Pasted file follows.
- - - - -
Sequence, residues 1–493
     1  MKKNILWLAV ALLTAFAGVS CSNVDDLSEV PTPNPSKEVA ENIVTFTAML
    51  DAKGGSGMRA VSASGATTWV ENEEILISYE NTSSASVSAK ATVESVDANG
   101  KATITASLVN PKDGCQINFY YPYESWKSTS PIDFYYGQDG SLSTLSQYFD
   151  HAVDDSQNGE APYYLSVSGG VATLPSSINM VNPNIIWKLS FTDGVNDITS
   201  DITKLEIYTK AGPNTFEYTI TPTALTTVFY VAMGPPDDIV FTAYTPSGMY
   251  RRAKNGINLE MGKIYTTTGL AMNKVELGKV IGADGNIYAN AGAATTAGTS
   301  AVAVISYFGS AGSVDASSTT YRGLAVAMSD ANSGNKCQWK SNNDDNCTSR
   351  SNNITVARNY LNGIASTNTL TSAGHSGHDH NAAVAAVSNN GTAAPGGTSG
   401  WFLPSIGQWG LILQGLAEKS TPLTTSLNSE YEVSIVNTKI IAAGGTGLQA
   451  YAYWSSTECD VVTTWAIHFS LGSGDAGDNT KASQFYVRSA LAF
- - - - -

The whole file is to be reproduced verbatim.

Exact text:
Sequence, residues 1–493
     1  MKKNILWLAV ALLTAFAGVS CSNVDDLSEV PTPNPSKEVA ENIVTFTAML
    51  DAKGGSGMRA VSASGATTWV ENEEILISYE NTSSASVSAK ATVESVDANG
   101  KATITASLVN PKDGCQINFY YPYESWKSTS PIDFYYGQDG SLSTLSQYFD
   151  HAVDDSQNGE APYYLSVSGG VATLPSSINM VNPNIIWKLS FTDGVNDITS
   201  DITKLEIYTK AGPNTFEYTI TPTALTTVFY VAMGPPDDIV FTAYTPSGMY
   251  RRAKNGINLE MGKIYTTTGL AMNKVELGKV IGADGNIYAN AGAATTAGTS
   301  AVAVISYFGS AGSVDASSTT YRGLAVAMSD ANSGNKCQWK SNNDDNCTSR
   351  SNNITVARNY LNGIASTNTL TSAGHSGHDH NAAVAAVSNN GTAAPGGTSG
   401  WFLPSIGQWG LILQGLAEKS TPLTTSLNSE YEVSIVNTKI IAAGGTGLQA
   451  YAYWSSTECD VVTTWAIHFS LGSGDAGDNT KASQFYVRSA LAF